The Ecology of Production, Reproduction and Cooperation among the Mardu

Project: Research project

Project Details


This project investigates production, reproduction, and cooperation among the Mardu, a hunter-gatherer society in the Western Desert of Australia. The research focuses on the social and reproductive benefits men and women gain from status as a good hunter or good seed collector, and the links these may have with hunting and other cooperative behavior, asking why individuals often choose to acquire food that goes to feed others, and why individuals cooperate in some hunting and collecting tasks, but not others.

The researchers will use ethnographic interviews concerning social status, demography (household, marital and reproductive, and grouping history, and observations on prey choice, time allocation, food sharing, and cooperative hunting to understand how changes in economy and mobility have changed Mardu resource selection, social status, demography and marital patterns, food sharing, and cooperative labor over the last 40 years.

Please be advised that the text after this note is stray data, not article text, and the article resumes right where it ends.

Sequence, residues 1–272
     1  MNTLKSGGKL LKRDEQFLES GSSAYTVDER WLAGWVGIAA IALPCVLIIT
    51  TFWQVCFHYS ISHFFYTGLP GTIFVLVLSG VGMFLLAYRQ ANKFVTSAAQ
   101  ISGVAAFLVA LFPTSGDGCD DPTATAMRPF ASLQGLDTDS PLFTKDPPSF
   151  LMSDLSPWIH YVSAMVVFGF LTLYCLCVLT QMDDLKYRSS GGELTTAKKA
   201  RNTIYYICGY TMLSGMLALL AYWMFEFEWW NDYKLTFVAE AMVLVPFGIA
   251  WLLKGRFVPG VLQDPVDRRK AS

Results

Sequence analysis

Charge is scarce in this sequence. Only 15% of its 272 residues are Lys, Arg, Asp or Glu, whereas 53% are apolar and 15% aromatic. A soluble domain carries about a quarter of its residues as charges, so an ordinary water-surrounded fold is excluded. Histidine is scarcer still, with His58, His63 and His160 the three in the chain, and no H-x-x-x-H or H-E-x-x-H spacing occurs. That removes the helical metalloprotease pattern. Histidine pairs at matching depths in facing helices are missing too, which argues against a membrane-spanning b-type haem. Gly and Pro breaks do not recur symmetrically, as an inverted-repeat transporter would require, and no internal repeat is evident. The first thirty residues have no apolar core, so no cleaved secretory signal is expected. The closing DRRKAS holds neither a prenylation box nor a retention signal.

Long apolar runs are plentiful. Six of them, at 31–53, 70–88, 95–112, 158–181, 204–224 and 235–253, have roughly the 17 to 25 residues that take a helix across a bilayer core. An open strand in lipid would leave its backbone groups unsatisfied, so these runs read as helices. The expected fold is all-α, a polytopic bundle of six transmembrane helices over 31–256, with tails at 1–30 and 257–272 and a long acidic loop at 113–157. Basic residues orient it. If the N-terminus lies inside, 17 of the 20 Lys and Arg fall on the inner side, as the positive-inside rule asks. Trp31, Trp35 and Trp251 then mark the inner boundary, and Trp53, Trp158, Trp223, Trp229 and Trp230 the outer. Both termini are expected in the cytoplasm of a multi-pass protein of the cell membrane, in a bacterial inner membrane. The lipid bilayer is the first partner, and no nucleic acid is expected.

The broader impacts of the project include educational benefits gained through training graduate and undergraduate students in field research and analysis; and research benefits from data and models addressing current debates and problems in social science, particularly the relationships between gender differences in production, mating strategies, and collective action.

The results from this research will be relevant to collective action theory in small-scale societies, and in understanding the role of acquired status (such as that gained through hunting) in egalitarian society. In addition, this study will provide the first detailed investigation of the social status of women hunters in a foraging society.

Effective start/end date8/1/039/30/05


  • National Science Foundation: $275,000.00


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